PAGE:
|Title:||Sterilisation of Pharmaceuticals in Sterilising Service Departments and Operating / Procedural Rooms|
|Document ID:||Operational Directive OD 0517/14|
|Date of issue:||Thursday, 3 April 2014|
|Description:||Additional processing of pharmaceuticals after manufacture to provide a Ďsterileí product by hospital sterilising services is an unacceptable patient safety risk as further sterilisation processes may result in changes or deterioration in the quality of the pharmaceutical and is not to occur in WA HCFs.|
|Applicable to:||All Medical and Nursing Staff, Sterilisation Services Staff|
|Framework:||Public Health Policy Framework|
|Period of effect:||from 1 April 2014 to 1 April 2019|
|Review date:||1 April 2019|
|Authorised by:||Professor Bryant Stokes, A/DIRECTOR GENERAL, Department of Health WA, 28-Mar-2014|
|Print version:||View print version|
Sterilisation of Pharmaceuticals in Sterilising Service Departments and Operating / Procedural Rooms
Compliance with this Operational Directive is mandatory for all public hospitals and those private healthcare facilities, including satellite haemodialysis units, contracted to provide services to public patients.
This Operational Directive describes the requirements in relation to the preparation and use of sterile pharmaceutical products in Western Australian (WA) healthcare facilities (HCFs).
Pharmaceutical: also referred to as medicine, medication or medicament can be defined as any chemical substance intended for use in the medical diagnosis, cure, treatment or prevention of disease.
The manufacture of sterile pharmaceutical products is subject to regulated requirements in order to minimise risks of microbiological, particulate and pyrogen contamination. These stringent requirements are detailed in the Therapeutic Goods Administration publication Australian Code of Good Manufacturing Practice (GMP) – August 2002 and further enhanced by the adoption of the amended GMP Guide for Medicines as a Manufacturing Principle – January 2009 and the Pharmaceutical Inspection Convention and Pharmaceutical Inspection Co-operation Scheme (PIC/S) international standards – October 2008.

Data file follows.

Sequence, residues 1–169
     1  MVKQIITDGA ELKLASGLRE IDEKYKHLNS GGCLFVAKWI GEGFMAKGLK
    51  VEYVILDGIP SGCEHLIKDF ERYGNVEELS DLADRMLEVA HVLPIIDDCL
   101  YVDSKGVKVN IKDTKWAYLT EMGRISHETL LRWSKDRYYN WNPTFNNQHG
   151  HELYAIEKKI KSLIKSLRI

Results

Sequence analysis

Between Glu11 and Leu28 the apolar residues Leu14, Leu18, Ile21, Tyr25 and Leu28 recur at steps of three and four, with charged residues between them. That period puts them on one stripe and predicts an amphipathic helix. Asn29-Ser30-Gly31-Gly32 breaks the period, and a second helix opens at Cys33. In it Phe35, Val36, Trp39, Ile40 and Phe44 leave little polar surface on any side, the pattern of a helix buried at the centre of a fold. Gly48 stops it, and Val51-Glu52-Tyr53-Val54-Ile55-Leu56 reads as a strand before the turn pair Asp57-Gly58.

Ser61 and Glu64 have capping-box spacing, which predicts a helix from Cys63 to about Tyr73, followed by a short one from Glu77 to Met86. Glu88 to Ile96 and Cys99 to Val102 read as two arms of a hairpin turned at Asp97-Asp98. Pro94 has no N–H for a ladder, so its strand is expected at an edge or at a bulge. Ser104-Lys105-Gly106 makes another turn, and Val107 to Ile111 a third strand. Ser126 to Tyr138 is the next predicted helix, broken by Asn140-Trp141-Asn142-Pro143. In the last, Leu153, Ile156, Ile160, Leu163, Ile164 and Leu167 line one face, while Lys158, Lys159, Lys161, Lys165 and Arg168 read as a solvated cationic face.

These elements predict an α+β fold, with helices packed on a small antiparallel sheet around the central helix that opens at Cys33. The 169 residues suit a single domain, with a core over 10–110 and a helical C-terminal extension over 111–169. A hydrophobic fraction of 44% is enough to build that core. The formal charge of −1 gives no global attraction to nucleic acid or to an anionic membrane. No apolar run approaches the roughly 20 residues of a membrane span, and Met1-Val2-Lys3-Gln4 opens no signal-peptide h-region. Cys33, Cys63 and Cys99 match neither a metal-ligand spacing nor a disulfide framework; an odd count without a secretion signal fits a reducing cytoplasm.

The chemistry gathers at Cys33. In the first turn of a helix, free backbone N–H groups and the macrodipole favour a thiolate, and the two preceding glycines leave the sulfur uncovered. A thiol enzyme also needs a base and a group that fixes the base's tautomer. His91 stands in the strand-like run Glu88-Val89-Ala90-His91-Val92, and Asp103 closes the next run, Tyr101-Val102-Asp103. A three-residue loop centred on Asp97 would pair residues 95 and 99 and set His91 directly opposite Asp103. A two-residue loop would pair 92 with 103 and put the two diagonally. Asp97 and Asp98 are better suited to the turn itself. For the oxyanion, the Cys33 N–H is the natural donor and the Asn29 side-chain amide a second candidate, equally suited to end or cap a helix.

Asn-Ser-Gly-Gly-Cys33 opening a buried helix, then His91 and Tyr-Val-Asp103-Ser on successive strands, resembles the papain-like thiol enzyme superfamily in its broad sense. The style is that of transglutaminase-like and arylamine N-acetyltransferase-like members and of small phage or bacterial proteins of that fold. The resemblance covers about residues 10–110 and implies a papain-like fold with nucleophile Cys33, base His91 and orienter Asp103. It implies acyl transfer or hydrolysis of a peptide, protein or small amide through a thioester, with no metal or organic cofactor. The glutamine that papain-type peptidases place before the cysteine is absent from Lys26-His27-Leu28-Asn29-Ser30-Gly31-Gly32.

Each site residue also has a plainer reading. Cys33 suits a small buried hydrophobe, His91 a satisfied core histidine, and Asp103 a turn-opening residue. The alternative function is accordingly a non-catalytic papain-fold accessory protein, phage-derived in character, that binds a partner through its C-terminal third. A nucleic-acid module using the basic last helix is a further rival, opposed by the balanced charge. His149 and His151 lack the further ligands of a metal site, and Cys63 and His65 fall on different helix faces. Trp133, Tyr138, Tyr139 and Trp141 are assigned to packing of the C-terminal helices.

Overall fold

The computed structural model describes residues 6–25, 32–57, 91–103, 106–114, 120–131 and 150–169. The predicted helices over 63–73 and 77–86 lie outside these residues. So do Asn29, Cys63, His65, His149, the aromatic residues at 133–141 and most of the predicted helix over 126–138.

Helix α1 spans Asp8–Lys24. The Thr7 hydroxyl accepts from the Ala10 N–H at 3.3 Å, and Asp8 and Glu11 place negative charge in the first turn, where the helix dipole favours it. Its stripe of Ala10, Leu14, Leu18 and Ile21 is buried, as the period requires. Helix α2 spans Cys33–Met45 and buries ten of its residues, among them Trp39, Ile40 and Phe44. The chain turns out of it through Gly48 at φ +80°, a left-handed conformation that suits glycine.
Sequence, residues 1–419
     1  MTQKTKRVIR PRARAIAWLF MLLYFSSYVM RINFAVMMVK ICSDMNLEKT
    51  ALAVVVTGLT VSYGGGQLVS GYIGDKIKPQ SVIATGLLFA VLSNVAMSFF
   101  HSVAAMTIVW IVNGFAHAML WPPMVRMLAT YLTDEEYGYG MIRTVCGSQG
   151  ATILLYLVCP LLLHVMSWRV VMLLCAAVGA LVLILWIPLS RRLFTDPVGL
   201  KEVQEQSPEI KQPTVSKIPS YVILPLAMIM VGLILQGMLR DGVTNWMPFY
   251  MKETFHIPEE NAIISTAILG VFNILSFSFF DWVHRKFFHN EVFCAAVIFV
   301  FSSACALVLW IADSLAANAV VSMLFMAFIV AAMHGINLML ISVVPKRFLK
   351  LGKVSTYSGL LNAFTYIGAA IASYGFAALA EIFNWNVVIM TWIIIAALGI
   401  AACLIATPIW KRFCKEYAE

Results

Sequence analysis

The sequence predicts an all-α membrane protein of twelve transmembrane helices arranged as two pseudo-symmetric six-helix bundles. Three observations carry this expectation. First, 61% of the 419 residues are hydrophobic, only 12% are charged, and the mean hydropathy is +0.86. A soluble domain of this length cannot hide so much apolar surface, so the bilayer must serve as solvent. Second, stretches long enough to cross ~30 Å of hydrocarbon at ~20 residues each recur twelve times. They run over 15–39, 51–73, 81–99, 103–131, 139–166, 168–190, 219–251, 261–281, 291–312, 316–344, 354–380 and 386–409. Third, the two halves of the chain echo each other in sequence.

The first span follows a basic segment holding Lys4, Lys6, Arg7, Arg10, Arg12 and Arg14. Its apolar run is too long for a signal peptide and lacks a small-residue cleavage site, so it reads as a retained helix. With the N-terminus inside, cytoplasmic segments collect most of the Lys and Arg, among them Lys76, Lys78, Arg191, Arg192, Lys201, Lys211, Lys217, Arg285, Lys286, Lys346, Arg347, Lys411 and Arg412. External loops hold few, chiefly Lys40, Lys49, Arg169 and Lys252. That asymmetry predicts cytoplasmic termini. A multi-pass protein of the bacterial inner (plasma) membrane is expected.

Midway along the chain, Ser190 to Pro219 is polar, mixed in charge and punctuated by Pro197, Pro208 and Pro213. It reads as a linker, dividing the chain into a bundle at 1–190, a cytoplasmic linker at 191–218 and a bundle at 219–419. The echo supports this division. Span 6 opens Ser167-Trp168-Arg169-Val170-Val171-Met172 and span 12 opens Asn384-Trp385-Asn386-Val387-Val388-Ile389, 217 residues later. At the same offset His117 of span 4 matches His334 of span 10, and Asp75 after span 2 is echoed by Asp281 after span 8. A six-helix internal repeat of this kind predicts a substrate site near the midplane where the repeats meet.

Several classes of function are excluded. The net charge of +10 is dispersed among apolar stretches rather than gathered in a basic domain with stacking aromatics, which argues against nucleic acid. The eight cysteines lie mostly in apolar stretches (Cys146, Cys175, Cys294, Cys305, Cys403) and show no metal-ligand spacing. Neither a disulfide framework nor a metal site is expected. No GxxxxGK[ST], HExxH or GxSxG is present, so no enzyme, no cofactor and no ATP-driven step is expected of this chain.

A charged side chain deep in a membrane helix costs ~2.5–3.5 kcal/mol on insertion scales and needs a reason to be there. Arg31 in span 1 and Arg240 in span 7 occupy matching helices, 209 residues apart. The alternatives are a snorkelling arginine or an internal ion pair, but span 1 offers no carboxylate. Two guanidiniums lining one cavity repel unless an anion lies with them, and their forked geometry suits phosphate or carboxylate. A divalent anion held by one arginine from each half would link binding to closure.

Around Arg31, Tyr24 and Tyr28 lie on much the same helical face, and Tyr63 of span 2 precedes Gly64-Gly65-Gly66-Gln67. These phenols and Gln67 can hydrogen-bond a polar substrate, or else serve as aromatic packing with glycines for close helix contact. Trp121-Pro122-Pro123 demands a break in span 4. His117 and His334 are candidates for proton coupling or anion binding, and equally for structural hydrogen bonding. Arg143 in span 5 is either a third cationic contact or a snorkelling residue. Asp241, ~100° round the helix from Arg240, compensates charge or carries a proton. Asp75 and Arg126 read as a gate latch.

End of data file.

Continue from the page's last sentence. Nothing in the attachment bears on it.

The holder of a manufacturing authorisation must manufacture sterile pharmaceutical products so as to ensure they are fit for their intended use, comply with the requirements of the Marketing Authorisation and do not place patients at risk due to inadequate safety, quality or efficacy.
Additional processing of pharmaceuticals after manufacture to provide a ‘sterile’ product by hospital sterilising services is an unacceptable patient safety risk as further sterilisation processes may result in changes or deterioration in the quality of the pharmaceutical. In addition, the use of alcoholic, antiseptic or disinfectant solutions to wipe or soak external surfaces of vials, ampoules or bottles does not achieve surface sterilisation and products processed in this manner are unsuitable for use in a sterile procedure.
Pharmaceuticals shall not be sterilised in hospital sterilising service departments or in operating / procedural rooms.
All pharmaceuticals required to be sterilised for use shall be purchased by the hospital pharmacy or supply department directly from a manufacturer licensed to provide sterile pharmaceuticals. These pharmaceuticals must have been sterilised by the manufacturer prior to supply.
Executive Directors of public and licensed private hospitals contracted to provide care for public patients are responsible for ensuring compliance with this Operational Directive.
1. Therapeutic Goods Administration. The Australian code of good manufacturing practice (GMP) – for medicinal products. Accessed October 4th 2011 at: http://tga.gov.au/industry/manuf-medicines-cgmp.htm.
2. Guide to Good Practices for the Preparation of Medicinal Products for Healthcare Establishments. PE 010-3. Pharmaceutical Inspection Convention/Pharmaceutical Inspection Co-operation Scheme. (PIC/S). Accessed December 9th 2013 at: http://www.picscheme.org/publication.php
Professor Bryant Stokes
This circular last updated: Thursday, 3 April 2014 at 10:33am